I'm not an elitist concerned about the purity of the sport. I ride the bike park often and do shuttle from time to time, but the majority of my riding is pedaling on the Shore and Squamish. I'm a Mon-Fri office guy with a kid on the way, I have mediocre fitness now and it will get worse so I would benefit from an ebike but for the reasons above I am against them on non-motorized mountain bike trails. 

Other than shuttle trails, I'm hoping to see signs around the Sea to Sky like they have in Pisgah:

Not a bad post, but it's not without it's fallibilities.

For starters I see BS arguments on both sides. I agree that using the health issue argument is not a strong one, but it is a valid one for some people. To address your other points...

1. The loss of access is one that gets used a lot and I think it's a poor argument. The reason being is that I believe the land managers are smart enough to recognize the difference between ebikes and pedal bikes and will ban ebikes if there are significant issues and not ban all bikes in an unwarranted knee -jerk reaction. 

2. User conflict is a more valid argument but it gets used on the assumption that all ebikers will cause issues and no mtb'ers cause issues. We know this isn't true and I think some of the worries are more of an etiquette issue that needs to be learned. Re your climbing example example, it's important to remember that pretty much every trail is multi-use and two way, so when you're descending you need to be aware of people coming up the trail - whether on foot or bike. Unless a trail is specifically signed as no climbing or descending only, then it's fair game for two way traffic. If this sis seen as a problem then the trail associations and land managers need to do their part when it comes to trail signage so people are aware. This includes trail maps and signage at parking areas so people know the deal before they head out.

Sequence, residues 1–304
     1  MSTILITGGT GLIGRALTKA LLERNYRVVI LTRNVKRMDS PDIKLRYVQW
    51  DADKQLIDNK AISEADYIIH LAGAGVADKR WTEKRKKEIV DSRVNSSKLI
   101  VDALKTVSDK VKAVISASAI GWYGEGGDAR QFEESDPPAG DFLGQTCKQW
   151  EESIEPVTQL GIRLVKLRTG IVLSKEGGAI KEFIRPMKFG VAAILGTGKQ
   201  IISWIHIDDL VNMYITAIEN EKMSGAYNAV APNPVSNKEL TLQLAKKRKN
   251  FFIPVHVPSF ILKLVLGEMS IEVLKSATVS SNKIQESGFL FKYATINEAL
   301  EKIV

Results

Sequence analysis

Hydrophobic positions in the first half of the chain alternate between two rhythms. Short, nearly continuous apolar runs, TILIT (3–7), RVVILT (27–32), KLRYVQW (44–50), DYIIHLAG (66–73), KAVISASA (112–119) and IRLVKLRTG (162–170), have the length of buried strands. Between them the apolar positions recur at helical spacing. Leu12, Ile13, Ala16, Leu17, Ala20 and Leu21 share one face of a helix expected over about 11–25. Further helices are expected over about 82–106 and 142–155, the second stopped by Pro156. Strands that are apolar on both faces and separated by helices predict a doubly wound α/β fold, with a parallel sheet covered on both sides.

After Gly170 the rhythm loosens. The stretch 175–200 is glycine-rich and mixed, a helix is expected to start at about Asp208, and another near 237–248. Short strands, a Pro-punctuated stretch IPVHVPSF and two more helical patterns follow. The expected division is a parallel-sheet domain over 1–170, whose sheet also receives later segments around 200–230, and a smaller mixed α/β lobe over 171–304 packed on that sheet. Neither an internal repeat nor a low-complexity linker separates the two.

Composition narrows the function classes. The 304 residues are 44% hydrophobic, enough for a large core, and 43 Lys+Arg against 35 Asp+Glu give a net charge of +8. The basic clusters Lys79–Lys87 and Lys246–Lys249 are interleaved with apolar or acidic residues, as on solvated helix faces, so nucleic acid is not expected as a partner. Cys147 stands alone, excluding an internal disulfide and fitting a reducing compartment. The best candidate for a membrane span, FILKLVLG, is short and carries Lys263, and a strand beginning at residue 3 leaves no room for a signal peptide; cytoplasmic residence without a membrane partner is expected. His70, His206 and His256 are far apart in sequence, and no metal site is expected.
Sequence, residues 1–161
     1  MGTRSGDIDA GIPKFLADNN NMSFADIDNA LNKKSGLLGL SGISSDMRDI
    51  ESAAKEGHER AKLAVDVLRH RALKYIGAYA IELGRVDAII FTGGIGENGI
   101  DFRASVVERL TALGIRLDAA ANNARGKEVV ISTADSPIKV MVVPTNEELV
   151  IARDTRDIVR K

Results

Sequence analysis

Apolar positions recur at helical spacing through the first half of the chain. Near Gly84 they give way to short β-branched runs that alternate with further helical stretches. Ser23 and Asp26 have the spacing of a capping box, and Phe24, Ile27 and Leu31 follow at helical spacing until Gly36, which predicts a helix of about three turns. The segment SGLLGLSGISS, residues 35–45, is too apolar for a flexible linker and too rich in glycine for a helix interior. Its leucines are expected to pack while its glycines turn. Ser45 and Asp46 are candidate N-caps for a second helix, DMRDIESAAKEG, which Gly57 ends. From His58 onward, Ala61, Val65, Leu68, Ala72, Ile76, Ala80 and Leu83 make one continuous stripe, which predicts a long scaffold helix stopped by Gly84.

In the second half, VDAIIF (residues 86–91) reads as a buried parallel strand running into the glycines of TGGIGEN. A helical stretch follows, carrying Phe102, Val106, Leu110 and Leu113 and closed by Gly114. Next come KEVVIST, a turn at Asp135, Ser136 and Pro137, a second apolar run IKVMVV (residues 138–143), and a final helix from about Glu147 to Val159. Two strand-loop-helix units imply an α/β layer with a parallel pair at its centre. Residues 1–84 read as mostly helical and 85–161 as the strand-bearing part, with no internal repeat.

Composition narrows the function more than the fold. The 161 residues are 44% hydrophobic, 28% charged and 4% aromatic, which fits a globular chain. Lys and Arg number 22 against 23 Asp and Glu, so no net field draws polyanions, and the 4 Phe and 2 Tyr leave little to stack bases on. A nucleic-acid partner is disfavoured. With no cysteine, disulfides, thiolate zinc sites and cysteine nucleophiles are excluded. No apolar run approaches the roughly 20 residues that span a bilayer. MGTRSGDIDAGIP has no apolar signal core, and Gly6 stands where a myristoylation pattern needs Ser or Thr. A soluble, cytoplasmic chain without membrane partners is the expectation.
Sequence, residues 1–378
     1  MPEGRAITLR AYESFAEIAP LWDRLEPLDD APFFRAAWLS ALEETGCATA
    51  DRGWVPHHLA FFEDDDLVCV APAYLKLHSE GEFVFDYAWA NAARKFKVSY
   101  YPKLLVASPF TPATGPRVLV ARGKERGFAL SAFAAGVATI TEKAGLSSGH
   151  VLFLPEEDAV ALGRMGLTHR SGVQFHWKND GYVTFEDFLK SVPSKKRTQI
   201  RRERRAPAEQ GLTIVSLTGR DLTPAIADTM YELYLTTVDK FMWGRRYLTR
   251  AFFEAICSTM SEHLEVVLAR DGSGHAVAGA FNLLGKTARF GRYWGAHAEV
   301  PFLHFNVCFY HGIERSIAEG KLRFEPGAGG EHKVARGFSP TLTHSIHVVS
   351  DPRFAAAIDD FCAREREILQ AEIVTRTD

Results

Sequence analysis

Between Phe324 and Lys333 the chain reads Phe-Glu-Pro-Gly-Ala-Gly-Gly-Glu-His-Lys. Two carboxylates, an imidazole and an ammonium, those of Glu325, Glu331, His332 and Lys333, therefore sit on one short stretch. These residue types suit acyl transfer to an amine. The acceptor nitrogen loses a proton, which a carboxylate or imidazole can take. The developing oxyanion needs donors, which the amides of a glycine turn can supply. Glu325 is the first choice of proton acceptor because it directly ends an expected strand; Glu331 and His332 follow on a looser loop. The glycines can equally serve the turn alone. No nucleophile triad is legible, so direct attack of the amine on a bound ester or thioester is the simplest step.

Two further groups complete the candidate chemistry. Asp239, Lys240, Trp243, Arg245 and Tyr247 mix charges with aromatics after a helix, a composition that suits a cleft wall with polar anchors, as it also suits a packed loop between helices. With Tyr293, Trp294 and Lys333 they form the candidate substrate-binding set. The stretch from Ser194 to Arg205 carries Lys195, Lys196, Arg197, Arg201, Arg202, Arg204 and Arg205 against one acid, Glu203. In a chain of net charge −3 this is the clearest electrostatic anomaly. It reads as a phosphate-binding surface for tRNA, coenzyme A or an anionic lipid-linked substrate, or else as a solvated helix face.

3. Whether it's new e-bikers or mtb'ers, they are going to need to learn the etiquette of the sport. That's where community comes in, to help educate people on how things are supposed to work. I wasn't aware thought that clueless newbies were the predominant market for ebikes, is there some poll or research somewhere to back that up?

4. This is probably the most valid concern out of all that I have seen so far and one that is worth considering. However, it speaks to the core argument of yay/nay for ebikes. At some point, all of these issues come down to personal responsibility for how people conduct themselves. 

I see the hate against e-bikes being predicated primarily on fear (trail destruction, unsafe passing) or ego (getting passed at all) but also think there are some validity to those concerns. What we have is a question of one group's right to alleviate their perceived concerns vs another groups right to recreate in the manner they would like to. If that sounds like a  familiar battle then it should be. If people are using ebikes in a respectful and responsible manner then there really is no argument against them. If they're not then doe the fault lie with the bike itself or the user? Again if that sounds like a familiar battle then it should be.